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Private Equity Using New Technologies, Tactics to Deliver Investor Returns Despite Decrease in Global Dealmaking

PE M&A Professionals Expect Due Diligence to Speed Up in Next Five Years

Despite a decrease in global mergers and acquisitions (M&A) year to date, private equity (PE) professionals, especially in North America, are leaning into new tactics and technologies, including the use of artificial intelligence, to deliver investor returns. This is according to findings from the Invest in Insight: Private Equity Market Brief report from Datasite®, a leading cloud-based technology provider for the M&A industry, and PitchBook, a financial data and software company.

The report, which is based on market data and a survey of over 500 global PE professionals, shows that PE professionals are actively investing by using new tactics, such as providing credit lines, engaging in private investments in public equities (PIPEs) and contributing to special purpose acquisition companies (SPACs) to capitalize on opportunities to buy publicly listed companies. Additionally, the report highlights the potential for emerging

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Facebook’s China Tactics Backfire – The New York Times

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Instagram’s boss had a message this week for the White House and the world: It was counterproductive for the United States to try to ban TikTok, the popular video app from China.

It’s bad for U.S. tech companies and people in the United States, Adam Mosseri, the head of Instagram, told Axios, if other countries take similar steps against technology from beyond their borders — including Facebook and its Instagram app. (He and Mark Zuckerberg have said this before, too.) “It’s really going to be problematic if we end up banning TikTok and we set a precedent for more countries to ban more apps,” he said.

Mosseri has a point. What he didn’t say, though, was that Facebook has itself partly to blame. The company helped fan the fears about TikTok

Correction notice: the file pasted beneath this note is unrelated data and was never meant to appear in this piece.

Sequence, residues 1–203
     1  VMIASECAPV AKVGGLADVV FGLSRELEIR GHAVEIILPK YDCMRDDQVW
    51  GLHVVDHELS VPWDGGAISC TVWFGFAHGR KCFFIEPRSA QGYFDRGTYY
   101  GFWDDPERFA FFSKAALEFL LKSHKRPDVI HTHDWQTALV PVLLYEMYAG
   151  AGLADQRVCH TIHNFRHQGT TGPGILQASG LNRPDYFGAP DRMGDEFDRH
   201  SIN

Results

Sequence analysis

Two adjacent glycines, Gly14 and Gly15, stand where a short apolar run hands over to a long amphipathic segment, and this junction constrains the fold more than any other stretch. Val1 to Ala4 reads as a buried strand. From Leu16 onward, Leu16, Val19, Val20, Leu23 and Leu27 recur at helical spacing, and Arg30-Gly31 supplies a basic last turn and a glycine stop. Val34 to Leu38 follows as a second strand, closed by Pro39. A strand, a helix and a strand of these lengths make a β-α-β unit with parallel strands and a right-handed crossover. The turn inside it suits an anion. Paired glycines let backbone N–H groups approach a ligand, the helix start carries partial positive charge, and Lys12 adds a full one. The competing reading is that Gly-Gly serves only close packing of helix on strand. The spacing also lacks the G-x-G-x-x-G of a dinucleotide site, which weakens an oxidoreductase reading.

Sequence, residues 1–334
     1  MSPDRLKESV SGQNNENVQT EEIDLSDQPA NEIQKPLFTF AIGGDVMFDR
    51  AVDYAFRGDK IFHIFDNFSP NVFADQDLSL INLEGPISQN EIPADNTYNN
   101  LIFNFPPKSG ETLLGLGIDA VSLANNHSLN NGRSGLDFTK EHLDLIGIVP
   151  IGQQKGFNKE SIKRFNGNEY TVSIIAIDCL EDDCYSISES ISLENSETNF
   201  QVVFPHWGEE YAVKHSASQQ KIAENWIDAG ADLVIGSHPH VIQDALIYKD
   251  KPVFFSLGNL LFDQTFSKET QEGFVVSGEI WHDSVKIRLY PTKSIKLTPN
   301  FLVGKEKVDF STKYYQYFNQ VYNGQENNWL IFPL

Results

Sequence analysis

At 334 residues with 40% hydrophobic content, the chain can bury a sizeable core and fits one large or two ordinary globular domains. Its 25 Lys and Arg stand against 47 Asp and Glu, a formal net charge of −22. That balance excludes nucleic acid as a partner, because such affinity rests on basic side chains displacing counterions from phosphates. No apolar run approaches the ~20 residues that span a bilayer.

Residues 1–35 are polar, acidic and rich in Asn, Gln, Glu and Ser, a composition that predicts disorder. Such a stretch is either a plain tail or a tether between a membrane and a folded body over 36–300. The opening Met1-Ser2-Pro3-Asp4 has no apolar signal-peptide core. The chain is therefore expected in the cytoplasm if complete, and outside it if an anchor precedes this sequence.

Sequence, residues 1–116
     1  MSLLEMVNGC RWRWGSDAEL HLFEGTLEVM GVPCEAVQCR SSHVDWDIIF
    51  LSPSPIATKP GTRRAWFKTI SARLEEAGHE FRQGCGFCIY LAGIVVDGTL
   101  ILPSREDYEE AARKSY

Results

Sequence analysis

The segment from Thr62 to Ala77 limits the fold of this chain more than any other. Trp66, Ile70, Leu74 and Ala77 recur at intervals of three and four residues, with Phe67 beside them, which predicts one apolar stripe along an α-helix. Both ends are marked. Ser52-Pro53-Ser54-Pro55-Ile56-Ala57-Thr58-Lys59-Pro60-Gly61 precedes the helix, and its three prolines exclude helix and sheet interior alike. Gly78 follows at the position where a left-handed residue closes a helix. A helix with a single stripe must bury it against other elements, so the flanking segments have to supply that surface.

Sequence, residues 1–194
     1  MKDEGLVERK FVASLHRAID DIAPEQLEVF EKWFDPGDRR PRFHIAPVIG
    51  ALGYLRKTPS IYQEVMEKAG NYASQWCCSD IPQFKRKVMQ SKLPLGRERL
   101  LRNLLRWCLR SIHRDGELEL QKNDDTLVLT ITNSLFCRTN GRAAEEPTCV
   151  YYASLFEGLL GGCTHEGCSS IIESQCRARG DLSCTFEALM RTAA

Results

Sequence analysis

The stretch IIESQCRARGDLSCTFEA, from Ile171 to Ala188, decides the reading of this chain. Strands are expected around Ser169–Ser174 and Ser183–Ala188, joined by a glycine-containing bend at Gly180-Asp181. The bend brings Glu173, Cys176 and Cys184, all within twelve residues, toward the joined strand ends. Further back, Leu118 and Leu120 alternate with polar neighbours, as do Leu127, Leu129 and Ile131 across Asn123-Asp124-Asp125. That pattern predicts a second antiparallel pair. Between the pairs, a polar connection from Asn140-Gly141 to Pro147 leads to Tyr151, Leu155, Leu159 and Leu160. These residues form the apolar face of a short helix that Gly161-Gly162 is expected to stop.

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House investigation faults Amazon, Apple, Facebook and Google for engaging in anti-competitive monopoly tactics

WASHINGTON – Amazon, Apple, Facebook and Google engaged in anticompetitive, monopoly-style tactics to evolve into four of the world’s most powerful corporate behemoths, according to congressional investigators who called in a wide-ranging report released Tuesday for sweeping changes to federal laws so that government regulators can bring Silicon Valley back in check.

The roughly 450-page document, capping a roughly 16-month investigation by the House’s top antitrust committee, found that the four tech giants relied on dubious, harmful means to solidify their dominance in Web search, smartphones, social networking and shopping – and in the process evaded the very federal regulators whose primary task is to ensure that companies do not grow into such unmatched corporate titans.

Congressional investigators faulted Facebook for gobbling up potential competitors with impunity, and they concluded Google improperly scraped rivals’ websites and forced its technology on others to reach its pole position in search and advertising.

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House investigation faults Amazon, Apple, Facebook and Google for engaging in anticompetitive monopoly tactics

Congressional investigators faulted Facebook for gobbling up potential competitors with impunity, and they concluded that Google improperly scraped rivals’ websites and forced its technology on others to reach its pole position in search and advertising. The lawmakers’ report labeled both of those firms as monopolies while faulting the federal government for failing to crack down on them sooner.

Amazon and Apple, meanwhile, exerted their own form of “monopoly power” to protect and grow their corporate footprints. As operators of two major online marketplaces — a world-leading shopping site for Amazon, and a powerful App Store for Apple — the two tech giants for years set rules that essentially put smaller, competing sellers and software developers at a disadvantage, the report found.

The House investigation stopped short of calling on the Trump administration to break up any of the companies. Instead, it proposed the most sweeping overhaul of U.S. antitrust law

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